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WOSTER: Social discourse; changed, but not gone

The age of instant communications has brought a sometimes vicious tone to arguments these days, but I'm pretty sure it's always been human nature to engage in spirited disagreements.

I get a fair amount of my national and world news from online sources, so it's natural enough that sometimes I wander past the end of a story or opinion piece and find myself in the comments section. There I wade around hip-deep in reader responses that are angry, partisan, often ill-informed and sometimes complete fiction with little or no connection whatsoever to the topic of the piece that elicited the comments.

Remember the Pointless Forest, the place where Oblio and his faithful dog, Arrow, were banished in that wonderful children's story "The Point'' by Harry Nilsson? A fair number of comment sections I've encountered could be called pointless forests. It turned out in the Nilsson story that everything has a point, which is way more than can be said for a surprising number of online comments.

I often feel like engaging commentators when I read their responses; setting them straight, you know? I rarely do, because I'm not very good at the mean-spirited given-and-take that passes for social discourse on the internet. I guess I just don't feel like offering my thoughts and having them smashed back in my face.

That doesn't mean I don't like spirited arguments. I can get into a lively discussion of issues and ideas with family members and friends, if the occasion presents itself. It usually doesn't, for two reasons. First, I don't have many friends and rarely see the few I do have. Second, literally (and by literally I don't mean figuratively) every member of my family can talk louder and faster than I can, so even if I have something to say, the moment passes before anyone hears me. He who hesitates and all that.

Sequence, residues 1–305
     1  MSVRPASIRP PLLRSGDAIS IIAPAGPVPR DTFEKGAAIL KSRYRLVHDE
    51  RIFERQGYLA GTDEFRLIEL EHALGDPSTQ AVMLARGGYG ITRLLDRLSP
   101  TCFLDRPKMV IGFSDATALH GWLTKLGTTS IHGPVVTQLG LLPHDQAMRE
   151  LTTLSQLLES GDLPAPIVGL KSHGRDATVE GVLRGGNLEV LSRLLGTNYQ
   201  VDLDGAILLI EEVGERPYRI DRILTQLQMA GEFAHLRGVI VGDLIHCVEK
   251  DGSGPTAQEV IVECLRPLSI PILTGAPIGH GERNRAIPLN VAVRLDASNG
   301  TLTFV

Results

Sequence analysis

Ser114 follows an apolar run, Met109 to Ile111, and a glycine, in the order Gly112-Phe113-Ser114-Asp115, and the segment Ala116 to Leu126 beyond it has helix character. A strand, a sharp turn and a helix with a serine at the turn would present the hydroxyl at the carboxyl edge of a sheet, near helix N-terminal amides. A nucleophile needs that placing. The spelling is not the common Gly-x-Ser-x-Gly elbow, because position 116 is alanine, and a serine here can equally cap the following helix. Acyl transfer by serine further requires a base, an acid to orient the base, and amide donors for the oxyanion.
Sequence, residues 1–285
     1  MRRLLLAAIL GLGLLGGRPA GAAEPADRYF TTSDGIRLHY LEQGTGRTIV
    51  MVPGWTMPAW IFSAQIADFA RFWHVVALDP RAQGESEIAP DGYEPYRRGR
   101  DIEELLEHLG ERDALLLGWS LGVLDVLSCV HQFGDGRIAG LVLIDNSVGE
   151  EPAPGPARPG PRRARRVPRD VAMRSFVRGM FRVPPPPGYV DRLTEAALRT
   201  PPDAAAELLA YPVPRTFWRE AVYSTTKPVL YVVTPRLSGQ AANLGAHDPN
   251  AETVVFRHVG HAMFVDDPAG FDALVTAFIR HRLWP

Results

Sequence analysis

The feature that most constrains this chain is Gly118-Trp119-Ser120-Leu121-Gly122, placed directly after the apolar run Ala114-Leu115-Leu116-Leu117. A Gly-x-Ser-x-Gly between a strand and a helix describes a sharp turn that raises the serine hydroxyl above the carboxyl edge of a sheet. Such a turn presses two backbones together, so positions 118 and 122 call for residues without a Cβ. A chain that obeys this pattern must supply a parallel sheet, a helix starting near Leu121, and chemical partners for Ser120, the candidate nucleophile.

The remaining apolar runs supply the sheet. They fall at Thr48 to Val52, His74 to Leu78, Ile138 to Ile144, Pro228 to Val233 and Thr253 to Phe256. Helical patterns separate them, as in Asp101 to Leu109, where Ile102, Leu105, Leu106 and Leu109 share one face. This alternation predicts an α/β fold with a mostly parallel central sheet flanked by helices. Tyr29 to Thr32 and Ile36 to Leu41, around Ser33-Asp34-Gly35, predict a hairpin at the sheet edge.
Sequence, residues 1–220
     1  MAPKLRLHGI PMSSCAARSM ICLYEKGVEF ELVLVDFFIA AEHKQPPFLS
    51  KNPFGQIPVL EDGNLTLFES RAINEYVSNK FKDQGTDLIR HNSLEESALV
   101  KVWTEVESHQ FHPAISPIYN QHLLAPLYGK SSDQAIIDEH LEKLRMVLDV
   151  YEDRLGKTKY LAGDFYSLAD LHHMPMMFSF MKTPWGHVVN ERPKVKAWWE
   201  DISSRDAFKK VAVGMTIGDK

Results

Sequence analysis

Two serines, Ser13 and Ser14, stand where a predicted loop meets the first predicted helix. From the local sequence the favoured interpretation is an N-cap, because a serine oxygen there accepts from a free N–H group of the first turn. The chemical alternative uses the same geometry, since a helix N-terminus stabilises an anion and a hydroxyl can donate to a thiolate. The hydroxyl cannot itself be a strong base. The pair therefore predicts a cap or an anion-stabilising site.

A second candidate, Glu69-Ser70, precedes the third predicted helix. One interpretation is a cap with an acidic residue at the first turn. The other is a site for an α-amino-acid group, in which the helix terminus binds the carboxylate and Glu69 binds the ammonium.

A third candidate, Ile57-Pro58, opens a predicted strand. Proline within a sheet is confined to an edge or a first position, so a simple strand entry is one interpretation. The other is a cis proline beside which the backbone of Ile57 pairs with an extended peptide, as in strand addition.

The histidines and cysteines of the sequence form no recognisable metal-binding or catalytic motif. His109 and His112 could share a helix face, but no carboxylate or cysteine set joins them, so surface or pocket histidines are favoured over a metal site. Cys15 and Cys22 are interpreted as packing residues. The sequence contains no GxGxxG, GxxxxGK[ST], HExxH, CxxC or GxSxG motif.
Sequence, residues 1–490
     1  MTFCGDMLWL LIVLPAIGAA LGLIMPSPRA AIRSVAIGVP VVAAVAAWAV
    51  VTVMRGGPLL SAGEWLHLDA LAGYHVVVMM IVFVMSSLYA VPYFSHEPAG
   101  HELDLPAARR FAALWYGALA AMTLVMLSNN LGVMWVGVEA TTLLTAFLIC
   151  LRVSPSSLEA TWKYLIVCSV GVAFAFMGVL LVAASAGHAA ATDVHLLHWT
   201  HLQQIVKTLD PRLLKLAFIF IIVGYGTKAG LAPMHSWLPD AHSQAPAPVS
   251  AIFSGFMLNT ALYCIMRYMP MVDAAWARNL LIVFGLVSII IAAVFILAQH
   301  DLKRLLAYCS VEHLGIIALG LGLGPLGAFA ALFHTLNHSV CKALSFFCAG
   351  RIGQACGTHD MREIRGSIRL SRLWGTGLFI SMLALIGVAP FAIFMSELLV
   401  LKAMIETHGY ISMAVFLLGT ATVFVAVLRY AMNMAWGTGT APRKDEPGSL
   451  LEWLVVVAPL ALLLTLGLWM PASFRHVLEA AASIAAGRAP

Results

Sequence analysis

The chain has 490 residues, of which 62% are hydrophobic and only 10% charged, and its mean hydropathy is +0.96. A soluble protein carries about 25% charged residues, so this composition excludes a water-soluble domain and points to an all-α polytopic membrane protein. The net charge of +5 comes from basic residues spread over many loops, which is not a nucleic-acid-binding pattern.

Boy, it wasn't always like that. In my younger years, I had plenty of friends, or at least classmates who didn't mind hanging around me. We argued all of the time about every topic in the known world and beyond. We usually managed to disagree without resorting to a fistfight. Most of the time we didn't even stoop to name-calling, although that was always in reserve, a last-ditch tactic when all else had failed and the argument appeared hopelessly lost.

What did we argue about? Oh, gosh, you name it. In grade school, we'd walk home from the Saturday matinee arguing who was the King of the Cowboys. Was it Roy Rogers, or was it Gene Autry? I saw a Lash LaRue film one Saturday and briefly took him as my champion. It was kind of a non-starter, though. I couldn't get a single one of my pals to agree with me.

For a brief time we argued whether Elvis or Pat Boone was the better singer. I had a new pair of white bucks, so I took Pat Boone's side for a while, but not for long. How could a kid be 15 and think anyone but Elvis was rock and roll's top dog?

We had a long-running debate over Bill Haley and the Comets versus Gene Vincent and His Blue Caps. That one would have turned vicious in the social-media world. Back in our day, it ended in an amicable draw. I mean, it was hard to go against Bill Haley if you ever heard "Rock Around the Clock'' at the opening of the movie "Blackboard Jungle.'' But, man, Gene Vincent and "Be-Bop-A-Lula?''

We even argued one time over the possibility that a Sioux City radio station might be better than KOMA from Oklahoma City. That came about because my buddy's older cousin was in college, had her own car and stopped one evening to talk to my buddy while we were all hanging around. She sat on the hood of the car with the doors open and the radio playing rock and roll from Sioux City.

A couple of the guys sided with the older woman for a bit, but when she drove off, they came to their senses. A radio station better than KOMA? No way, not even in today's social media whirlwind.